Interview with Chanphal Sok: Cambodian Writer and Songwriter

Going through highs and lows in life, Chanphal Sok found himself moving from place to place with his mother as a child to find enough to support themselves. Writing about his tough life in his Khmer blog between Kampong Cham province and Kratie province, Chanphal has used his blog to write mostly about literature, short stories, short novels as well as Khmer history in Khmer language. Sometimes, he uses Khmer self-effacing humor to write about his personal life. In 2009, he won the third prize of the Nou Hach Literary awards for his 10-page short story ‘Kaboub Luy’ or “Wallet”.

A graduate in English literature, although more popularly known as a song writer for many of the most famous contemporary Khmer songs, the 28-year-old song writer and prolific blogger presently works for Hang Meas production, one of the most popular music production companies in Cambodia.

Chanphal Sok

“Life is a trade off. After writing my life story in this blog, I’ve found that I’ve walked so far. Life is a journey, and although it is not an eternity, it is long enough to live a proper life from now on,” he said. Global Voices writer Kounila Keo has the opportunity to email-interview Chanphal.

1. I think you have some connection wth Nou Hach literary award. How many other awards have you got? What do you think of the current situation of writers in Cambodia?

Writing comes natural to me. I love writing, and this talent doesn't come to me that easy, as I have to keep polishing it all the time. Since I've found that I can write, I start putting it into work. Ever since, I've got a lot of support from audiences who listen to songs I write. I had tried many times for Nou Hach Literary award, but finally I got a third place award for my short story: Wallet, in 2009, but several other awards were just certificates of excellence. I think that very few people in Cambodia are interested in writing novels but there are more journalists than novel or story writers. If you ask me to count names of Khmer novel writers, it is very hard to do so. Unfortunately, Khmer people don't read a lot; therefore, not many people are interested in writing. Compared to neighbouring countries, Cambodia doesn't produce a lot of locally-made books or movies, and even our cinemas are quite quiet.

2. I've seen that you've used Facebook and some other online platforms to publish your work? What do you think about the online world today for a professional like you?

Even though I haven't been able to earn a dime from publishing my stories on Facebook or some online platforms like, I am however happy when I get support from Khmer readers. This is what I write for. For my audiences. So far I've met a lot of Khmer readers online, and I am delighted to be able to share much stuff with them on the Internet.

3.What do you think of the printing cost of paper books in Cambodia? Do you think the online platform such as blog (wordpress/blogspot) and Issuu are useful for writers here?

Yes of course. From the past until now, I've published several books which don't cost a lot, but it was hard to sell them. The distribution among small book stores did not work, so those who wanted to buy them also found difficulty to do so. Eventually, I lost a lot of money in the printing. When I publish my stories on the Internet, I don't need to spend a single dollar on it, though I don't earn anything from it either.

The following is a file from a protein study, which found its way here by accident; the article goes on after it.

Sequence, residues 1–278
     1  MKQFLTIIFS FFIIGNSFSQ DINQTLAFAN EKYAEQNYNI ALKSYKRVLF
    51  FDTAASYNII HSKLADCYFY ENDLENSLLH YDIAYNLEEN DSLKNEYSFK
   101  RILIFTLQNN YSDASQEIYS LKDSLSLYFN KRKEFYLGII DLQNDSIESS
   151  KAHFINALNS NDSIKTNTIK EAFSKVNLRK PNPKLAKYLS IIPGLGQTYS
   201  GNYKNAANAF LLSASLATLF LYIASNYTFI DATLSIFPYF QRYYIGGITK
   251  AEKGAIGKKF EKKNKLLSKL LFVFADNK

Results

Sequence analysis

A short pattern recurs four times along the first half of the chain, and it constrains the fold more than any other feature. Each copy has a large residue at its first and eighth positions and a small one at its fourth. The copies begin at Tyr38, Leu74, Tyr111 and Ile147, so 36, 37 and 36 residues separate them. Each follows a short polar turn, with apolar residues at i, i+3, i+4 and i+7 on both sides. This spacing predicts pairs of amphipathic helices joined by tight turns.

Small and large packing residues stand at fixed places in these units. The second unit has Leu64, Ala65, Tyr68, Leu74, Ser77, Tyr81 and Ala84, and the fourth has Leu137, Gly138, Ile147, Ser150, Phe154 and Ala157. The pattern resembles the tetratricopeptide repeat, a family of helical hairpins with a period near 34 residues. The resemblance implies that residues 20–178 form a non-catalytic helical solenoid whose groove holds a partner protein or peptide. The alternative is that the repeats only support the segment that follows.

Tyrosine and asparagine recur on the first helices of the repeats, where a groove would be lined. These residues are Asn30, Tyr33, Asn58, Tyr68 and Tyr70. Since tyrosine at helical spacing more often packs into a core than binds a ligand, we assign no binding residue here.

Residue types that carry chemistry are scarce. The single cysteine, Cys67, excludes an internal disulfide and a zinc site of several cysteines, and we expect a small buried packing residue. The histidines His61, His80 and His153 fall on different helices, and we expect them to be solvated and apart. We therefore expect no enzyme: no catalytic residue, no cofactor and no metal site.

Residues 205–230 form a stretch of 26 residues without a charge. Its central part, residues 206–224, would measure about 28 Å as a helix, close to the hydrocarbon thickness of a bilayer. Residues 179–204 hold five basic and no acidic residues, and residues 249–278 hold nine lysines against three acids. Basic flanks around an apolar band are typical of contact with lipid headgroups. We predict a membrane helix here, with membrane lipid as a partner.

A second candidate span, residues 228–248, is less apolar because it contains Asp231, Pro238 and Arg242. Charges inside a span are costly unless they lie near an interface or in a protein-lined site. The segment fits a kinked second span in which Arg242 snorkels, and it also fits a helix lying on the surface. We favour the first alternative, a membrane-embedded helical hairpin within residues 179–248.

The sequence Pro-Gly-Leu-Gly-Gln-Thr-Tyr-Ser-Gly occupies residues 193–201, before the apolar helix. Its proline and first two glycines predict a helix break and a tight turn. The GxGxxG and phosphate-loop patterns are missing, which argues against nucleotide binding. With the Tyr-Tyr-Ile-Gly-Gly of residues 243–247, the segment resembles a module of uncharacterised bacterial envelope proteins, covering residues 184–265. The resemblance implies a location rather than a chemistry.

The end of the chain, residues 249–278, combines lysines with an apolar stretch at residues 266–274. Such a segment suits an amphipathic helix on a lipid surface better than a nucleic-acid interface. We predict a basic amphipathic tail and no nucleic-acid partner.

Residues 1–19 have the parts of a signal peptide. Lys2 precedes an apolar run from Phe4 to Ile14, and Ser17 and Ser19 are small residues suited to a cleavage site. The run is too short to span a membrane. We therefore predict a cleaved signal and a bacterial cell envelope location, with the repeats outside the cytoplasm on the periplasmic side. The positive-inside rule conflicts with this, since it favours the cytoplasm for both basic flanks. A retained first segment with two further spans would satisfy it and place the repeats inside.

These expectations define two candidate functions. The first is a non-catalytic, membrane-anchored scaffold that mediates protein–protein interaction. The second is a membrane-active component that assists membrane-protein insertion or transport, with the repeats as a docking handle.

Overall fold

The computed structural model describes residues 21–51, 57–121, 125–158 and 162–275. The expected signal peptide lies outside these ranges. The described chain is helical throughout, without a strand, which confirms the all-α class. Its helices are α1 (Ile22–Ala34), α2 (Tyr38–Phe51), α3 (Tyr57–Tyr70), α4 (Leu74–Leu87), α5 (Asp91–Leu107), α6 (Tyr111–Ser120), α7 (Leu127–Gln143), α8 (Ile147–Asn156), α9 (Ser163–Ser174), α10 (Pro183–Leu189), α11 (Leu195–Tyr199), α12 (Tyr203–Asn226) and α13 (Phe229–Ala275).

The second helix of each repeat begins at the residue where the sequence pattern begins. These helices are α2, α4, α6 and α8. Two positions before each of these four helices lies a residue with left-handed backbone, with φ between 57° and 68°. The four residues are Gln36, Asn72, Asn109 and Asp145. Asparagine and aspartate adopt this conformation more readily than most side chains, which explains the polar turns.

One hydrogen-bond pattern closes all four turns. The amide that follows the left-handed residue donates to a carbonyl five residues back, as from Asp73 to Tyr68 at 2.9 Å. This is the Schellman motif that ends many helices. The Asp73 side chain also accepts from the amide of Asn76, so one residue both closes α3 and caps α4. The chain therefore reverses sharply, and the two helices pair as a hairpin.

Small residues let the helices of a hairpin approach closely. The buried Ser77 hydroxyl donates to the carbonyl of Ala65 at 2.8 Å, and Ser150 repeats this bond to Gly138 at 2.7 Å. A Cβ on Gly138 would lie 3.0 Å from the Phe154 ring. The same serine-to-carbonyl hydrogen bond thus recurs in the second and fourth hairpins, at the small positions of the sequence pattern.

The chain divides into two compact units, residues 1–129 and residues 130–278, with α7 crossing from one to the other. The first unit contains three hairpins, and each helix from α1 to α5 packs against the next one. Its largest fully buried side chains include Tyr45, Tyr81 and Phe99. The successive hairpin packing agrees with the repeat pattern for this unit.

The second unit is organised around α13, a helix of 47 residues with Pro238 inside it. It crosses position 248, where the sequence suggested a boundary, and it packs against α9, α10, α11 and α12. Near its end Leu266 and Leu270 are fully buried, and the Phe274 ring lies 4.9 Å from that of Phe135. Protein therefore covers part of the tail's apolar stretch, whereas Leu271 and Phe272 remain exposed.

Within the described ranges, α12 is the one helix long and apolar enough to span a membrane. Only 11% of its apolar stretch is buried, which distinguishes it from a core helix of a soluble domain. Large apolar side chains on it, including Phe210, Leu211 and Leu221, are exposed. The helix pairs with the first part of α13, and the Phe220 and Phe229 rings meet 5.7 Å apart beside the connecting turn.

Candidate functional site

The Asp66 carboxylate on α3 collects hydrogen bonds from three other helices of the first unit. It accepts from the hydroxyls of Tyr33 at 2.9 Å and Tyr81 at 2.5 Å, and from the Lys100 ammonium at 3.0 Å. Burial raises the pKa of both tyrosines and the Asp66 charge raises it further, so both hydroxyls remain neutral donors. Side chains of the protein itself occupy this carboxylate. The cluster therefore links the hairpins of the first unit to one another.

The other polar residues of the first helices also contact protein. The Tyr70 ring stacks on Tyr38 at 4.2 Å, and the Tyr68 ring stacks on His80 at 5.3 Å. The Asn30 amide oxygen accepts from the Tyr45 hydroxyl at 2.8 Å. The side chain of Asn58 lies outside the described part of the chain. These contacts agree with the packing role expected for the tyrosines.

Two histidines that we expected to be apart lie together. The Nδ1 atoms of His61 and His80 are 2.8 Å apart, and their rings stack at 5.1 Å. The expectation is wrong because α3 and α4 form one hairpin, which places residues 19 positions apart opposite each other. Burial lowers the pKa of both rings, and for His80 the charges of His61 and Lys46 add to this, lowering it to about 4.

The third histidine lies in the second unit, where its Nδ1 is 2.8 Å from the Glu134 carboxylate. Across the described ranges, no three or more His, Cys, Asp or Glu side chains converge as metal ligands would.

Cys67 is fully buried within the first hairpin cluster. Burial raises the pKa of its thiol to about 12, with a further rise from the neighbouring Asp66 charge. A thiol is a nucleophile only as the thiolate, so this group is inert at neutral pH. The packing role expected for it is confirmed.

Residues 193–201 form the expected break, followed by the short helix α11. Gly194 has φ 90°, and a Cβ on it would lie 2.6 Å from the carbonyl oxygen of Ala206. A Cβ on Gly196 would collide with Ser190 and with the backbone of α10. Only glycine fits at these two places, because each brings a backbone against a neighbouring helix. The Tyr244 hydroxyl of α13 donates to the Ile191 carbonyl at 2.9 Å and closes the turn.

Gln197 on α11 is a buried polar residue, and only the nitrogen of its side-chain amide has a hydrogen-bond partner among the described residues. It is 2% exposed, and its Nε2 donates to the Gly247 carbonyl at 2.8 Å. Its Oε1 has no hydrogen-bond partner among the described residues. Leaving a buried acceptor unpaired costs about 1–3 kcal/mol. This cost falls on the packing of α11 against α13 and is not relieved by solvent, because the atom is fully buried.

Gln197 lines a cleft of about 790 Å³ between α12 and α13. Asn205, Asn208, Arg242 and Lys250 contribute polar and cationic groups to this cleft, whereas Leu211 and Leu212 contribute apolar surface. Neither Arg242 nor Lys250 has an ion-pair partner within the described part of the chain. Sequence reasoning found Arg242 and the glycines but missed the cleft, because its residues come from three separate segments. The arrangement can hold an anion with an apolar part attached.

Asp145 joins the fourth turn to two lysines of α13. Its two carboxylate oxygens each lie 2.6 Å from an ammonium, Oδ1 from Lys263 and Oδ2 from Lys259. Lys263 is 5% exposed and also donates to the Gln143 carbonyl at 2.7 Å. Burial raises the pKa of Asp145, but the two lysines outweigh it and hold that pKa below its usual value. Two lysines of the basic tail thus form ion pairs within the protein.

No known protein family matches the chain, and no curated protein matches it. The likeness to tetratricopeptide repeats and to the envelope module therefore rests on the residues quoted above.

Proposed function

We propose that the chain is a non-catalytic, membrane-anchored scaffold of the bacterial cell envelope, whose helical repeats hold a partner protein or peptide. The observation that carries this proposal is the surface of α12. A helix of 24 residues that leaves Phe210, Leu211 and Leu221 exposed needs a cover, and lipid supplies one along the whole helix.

4. Do you think the internet will soon become an important source for writers like you to publish your work?

I've always wanted to be a writer since I was little. Growing up, I just want to share my thoughts with the rest of the world, so the online platform is the best choice for me to publish any story. It comes to a point where you don't need to be a professional writer to publish your stories. The Internet provides a very easy means to publish your articles, stories or novels and get a lot of following. More and more Cambodian people are becoming online, so this is a positive sign for the growth of online readership. When we didn't have the Internet in the past, we had to go and beg the printing company to publish our books, but now the Internet can replace the printing industry in some ways. Nowadays, everyone just wants to write and share. Nonetheless, I still love “paper” books, yet it is just that our country doesn't have a lot of book readers. Some people who try to publish books fail a lot, but if I have a lot of money, I will try to publish books and put them at some book stores. We need to strike a balance.

5. Would you like to recommend this to other writers?

I've used the Internet for several years now, and I don't mean to say that publishing books isn't recommended. I would like to recommend that writers now start thinking about publishing their works online if they don't have money to pay for the printing cost. When I first used WordPress, I published my stories on the blog right away. With that said, I still strongly love paper books because they are like souvenirs which I can put in my book shelf, on the bed shelf. They are different from e-books which come in millions, easy to download and read – modern and tiny in size, but they don't have a sentimental value like books.


  • […] wrote this short interview piece for Global Voices Online – for the love of his work.) Chanphal […]

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